Thirty UK farms defying battery cage ban, Defra reveals
UP TO 300,000 hens are still being kept in battery cages in the UK, despite indications the industry would be fully compliant with the ban on this method of production from the start.
The revelation that 30 UK farms are still using battery cages is an embarrassment to both the Government and industry, which have made much of the threat to UK egg producers from the failure of 14 other member states to fully comply with the ban.
Defra played down the UK figures, which emerged at a meeting of the European Commission Standing Committee on Food Chain and Animal Health (SCoFCAH) on Thursday.
A spokesman it said Defra expected full compliance by February and warned that farmers who fail to comply by that date will face prosecution.
“The level of non-compliance in the UK is very low and latest figures show, as of January 12, that it represents just 1 per cent of the total UK flock,” the spokesman said.
“By February 1 we expect that these producers will have stopped using these battery cages or we will have issued legal notices and referred the producers to the local council who will consider prosecution.
“It is disappointing that a small minority of egg producers have not yet made the necessary changes when the rest of the industry has spent £400 million to improve welfare and meet these standards.”
But Compassion in World Farming said it was ‘shocked’ to learn that around 30 egg farmers in the UK are still using barren battery cages
“After continued assurances that the UK will fully comply with the ban on these inhumane cages, we are shocked and saddened to learn that this isn’t the case. The barren battery cage ban was agreed in 1999, there is no excuse for farmers not to have been compliant when it came into force at the beginning of this year,” said CIWF chief policy advisor, Peter Stevenson.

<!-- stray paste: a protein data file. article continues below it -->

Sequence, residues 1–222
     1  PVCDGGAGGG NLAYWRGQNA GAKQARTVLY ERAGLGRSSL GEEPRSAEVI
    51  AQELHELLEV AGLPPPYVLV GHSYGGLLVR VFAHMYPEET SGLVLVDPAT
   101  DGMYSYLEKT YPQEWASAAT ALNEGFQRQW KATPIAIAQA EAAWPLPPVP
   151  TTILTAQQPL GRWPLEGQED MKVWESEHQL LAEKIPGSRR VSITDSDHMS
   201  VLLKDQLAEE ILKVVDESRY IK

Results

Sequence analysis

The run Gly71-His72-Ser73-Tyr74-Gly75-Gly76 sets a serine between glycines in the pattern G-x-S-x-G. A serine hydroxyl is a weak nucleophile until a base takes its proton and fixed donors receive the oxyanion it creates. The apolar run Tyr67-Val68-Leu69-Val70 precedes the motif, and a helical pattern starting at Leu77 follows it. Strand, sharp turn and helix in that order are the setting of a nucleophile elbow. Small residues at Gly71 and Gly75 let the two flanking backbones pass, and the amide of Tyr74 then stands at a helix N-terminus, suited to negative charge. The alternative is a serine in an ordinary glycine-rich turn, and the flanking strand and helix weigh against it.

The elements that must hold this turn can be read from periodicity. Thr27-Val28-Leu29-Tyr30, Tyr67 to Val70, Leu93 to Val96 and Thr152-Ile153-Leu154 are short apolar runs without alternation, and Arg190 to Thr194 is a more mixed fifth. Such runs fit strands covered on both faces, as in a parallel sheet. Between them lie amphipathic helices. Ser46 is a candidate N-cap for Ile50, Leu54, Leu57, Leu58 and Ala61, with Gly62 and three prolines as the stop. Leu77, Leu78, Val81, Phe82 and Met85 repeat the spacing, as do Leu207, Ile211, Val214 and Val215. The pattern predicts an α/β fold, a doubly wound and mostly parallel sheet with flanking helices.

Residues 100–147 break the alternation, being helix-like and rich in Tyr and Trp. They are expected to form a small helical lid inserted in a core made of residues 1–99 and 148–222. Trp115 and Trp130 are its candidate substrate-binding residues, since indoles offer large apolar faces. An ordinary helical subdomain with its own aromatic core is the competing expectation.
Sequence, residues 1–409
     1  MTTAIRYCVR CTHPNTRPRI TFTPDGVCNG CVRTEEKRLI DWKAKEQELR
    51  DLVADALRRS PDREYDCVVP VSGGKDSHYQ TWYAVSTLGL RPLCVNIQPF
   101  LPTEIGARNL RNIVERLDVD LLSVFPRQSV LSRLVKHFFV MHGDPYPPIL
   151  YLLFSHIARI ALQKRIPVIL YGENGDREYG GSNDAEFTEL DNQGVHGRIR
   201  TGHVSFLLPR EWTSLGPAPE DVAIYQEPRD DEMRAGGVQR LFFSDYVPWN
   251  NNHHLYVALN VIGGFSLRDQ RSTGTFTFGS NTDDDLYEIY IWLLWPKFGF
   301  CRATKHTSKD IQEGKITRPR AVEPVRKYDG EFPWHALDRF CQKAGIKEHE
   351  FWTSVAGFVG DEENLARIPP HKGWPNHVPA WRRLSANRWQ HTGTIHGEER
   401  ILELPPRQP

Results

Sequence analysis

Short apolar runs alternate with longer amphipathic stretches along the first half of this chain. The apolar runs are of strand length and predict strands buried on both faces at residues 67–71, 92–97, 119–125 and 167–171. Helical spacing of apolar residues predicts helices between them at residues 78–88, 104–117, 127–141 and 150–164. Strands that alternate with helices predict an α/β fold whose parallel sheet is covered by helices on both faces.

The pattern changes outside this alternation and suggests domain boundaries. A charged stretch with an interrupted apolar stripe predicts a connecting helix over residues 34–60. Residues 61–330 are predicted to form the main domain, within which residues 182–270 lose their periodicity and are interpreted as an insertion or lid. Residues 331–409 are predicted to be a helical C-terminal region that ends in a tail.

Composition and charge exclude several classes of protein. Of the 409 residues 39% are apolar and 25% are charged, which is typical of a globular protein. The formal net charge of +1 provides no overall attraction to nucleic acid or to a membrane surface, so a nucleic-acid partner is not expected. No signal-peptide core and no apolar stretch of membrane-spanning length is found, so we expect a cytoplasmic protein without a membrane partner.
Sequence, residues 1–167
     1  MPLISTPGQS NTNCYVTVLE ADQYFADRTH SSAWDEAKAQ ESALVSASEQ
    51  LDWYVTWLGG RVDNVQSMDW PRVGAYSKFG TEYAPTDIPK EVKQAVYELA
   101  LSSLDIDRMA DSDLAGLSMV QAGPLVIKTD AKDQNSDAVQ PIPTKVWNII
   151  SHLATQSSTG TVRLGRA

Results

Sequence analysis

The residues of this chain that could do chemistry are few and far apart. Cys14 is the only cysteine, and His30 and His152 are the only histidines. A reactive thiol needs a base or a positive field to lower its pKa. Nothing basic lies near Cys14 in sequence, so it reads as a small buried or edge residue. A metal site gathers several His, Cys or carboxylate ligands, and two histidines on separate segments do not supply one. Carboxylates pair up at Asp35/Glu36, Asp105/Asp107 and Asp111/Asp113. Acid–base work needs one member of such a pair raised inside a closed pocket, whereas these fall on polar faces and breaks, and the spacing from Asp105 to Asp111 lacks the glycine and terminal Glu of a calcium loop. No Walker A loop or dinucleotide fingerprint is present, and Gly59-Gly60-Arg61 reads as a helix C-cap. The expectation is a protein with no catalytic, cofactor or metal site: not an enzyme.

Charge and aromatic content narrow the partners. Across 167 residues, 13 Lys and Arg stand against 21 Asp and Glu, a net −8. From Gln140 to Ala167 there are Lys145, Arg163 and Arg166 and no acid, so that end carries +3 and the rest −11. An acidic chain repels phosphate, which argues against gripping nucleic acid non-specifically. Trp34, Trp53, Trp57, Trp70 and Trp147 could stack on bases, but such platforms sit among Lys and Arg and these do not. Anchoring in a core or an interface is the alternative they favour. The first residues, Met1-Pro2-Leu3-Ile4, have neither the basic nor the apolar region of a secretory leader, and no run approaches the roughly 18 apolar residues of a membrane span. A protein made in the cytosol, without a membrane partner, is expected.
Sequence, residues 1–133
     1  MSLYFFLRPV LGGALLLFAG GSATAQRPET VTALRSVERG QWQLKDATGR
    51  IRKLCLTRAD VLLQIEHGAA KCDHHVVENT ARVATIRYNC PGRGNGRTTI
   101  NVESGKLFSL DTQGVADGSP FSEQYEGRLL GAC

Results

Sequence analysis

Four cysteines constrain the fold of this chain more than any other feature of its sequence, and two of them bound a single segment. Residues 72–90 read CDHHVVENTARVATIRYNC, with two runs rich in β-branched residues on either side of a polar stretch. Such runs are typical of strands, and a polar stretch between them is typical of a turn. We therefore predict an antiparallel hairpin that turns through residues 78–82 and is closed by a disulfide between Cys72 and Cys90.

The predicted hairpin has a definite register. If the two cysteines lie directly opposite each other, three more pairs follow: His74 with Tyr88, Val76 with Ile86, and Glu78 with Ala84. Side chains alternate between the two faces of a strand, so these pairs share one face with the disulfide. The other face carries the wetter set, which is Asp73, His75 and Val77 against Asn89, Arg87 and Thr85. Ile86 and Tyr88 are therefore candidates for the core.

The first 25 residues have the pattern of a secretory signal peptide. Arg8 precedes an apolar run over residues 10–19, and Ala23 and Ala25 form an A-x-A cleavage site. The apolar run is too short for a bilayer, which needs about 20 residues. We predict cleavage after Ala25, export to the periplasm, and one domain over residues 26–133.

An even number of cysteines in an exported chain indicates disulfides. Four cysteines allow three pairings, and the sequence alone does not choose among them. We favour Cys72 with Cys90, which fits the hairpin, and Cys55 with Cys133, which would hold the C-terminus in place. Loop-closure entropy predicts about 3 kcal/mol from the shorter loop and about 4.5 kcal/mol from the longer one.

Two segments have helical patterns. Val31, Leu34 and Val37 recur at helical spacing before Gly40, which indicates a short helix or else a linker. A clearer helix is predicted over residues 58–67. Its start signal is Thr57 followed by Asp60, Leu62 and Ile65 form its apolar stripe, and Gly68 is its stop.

He said figures submitted to the European Commission last year showed the UK was one of 14 countries that was expected to be barren battery cage free by 1 January 2012. While the number of hens still in UK battery cages is lower than in countries like Spain or Italy, it is ‘by no means negligible’, he said.
“We urge the government to take steps to ensure that these illegal cages are replaced with compliant systems as a matter of urgency. In the meantime retailers should not sell these eggs as the sale of battery eggs is illegal,” he said.
The British Egg Industry Council said all British Lion egg producers have complied with the law, which still permits ‘enriched’ cages, which provide more space, as well as perches and nesting boxes.
NFU poultry board chairman Charles Bourns said producers who have invested in their businesses to comply with the regulation would feel ‘let down by the few who have not met the deadline’.
But he said: “Nearly all UK egg producers were fully compliant before this legislation came into force and these figures represent around one per cent of all laying hens in this country.
“Our producers are committed to higher welfare standards, which means around 31 million hens are housed in free range, barn and enriched cage systems.”
“We know that Defra is rigorously enforcing this regulation with a view to ensuring full compliance in the UK as soon as possible which we understand will be a matter of weeks rather than months.”
The EU ban on battery cages came into force into force on January 1. European Commission figures recently revealed that more than 46.7m hens are still in conventional battery cages across the union, representing 14 per cent of production.
The Commission has ‘named and shamed’ 14 member states it says faces legal action for failing to comply wit the ban. The UK was not among them.